The government has high hopes of offering everyone over the age of 18 a first dose of the jab by the end of July.
Here’s what you need to know about the newest Covid-busting jab on the block.
How it works
Like the Pfizer/BioNTech vaccine, the Moderna jab is a mRNA vaccine.
The virus that causes Covid-19 – known as SARS-CoV-2 – contains a spike protein that it uses to enter human cells. The Moderna vaccine uses synthetic messenger RNA (mRNA), a genetic material that contains information about the spike protein.
This synthetic messenger provides the body with instructions to produce a tiny piece of this protein, which your body recognises if it’s ever exposed to it again. It’s a bit like injecting an instruction manual, so that your body – specifically your immune system – knows what to do when you come into contact with the real deal.
Such vaccines don’t use the live virus that causes Covid-19, so they can’t give you Covid just by having them. There have also been concerns they might alter DNA in some way, but this is not true nor possible, say scientists – mRNA doesn’t enter the nucleus of the cell, which is where our DNA (genetic material) is kept, explains the Centers for Disease Control and Prevention (CDC).
The cell breaks down and gets rid of the mRNA soon after it’s finished using the instructions to build the bit of protein.
When will it arrive in the UK?
The government has signed up for 17 million doses of the Moderna jab. It’s likely this will be rolled out in the younger cohorts (under 50s) as people will need their first dose and second dose to be from the same provider.
The rollout will provide some relief during the forewarned slowdown period in the UK, which will see fewer people given their first dose due to a need to “retest the stability” of a batch of 1.7m doses of the Oxford/AstraZeneca vaccine and a hold up in a vaccine shipment from India.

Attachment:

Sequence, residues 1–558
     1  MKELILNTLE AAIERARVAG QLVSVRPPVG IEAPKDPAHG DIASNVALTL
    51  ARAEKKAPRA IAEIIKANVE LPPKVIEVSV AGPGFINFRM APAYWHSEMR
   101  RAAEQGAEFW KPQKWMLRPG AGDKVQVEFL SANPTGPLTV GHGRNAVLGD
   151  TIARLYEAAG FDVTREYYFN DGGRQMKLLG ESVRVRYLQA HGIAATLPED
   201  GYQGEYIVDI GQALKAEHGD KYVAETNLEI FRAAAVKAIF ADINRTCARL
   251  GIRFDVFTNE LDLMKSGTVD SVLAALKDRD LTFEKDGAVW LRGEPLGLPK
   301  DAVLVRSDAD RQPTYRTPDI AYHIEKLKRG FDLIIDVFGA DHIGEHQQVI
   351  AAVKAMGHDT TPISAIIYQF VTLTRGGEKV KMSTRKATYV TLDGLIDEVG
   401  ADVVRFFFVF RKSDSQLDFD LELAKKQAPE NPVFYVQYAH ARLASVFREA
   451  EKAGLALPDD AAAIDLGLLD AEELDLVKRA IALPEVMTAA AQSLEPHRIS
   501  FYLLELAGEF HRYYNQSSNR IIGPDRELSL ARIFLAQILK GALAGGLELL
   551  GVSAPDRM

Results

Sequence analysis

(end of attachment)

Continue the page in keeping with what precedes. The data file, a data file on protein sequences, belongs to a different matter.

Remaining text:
What’s the dosing?
Like the other two Covid-19 vaccines used in the UK, the Moderna jab will be given as two injections, ideally spaced 28 days apart. The vaccine will be injected into the muscle of your upper arm.
Like all vaccines, you can experience side effects after having the Moderna jab. The most common ones are:
Tenderness and swelling of the underarm glands on the same side as the injection site
Muscle ache, joint aches, and stiffness
Pain or swelling at the injection site
Feeling very tired
Most side effects go away within a few days and people are encouraged to take paracetamol to manage any aches or pains.
In rare instances, it’s possible to experience a severe allergic reaction to the jab. Signs of which include itchy skin rash, shortness of breath and swelling of the face or tongue – if you experience any of these, go to A&E.
What’s that about Dolly Parton?
Singer Dolly Parton has been credited with helping fund the Moderna vaccine, after she gave $1m to Vanderbilt University Medical Centre in Nashville, Tennessee. The star has also had the Moderna jab.
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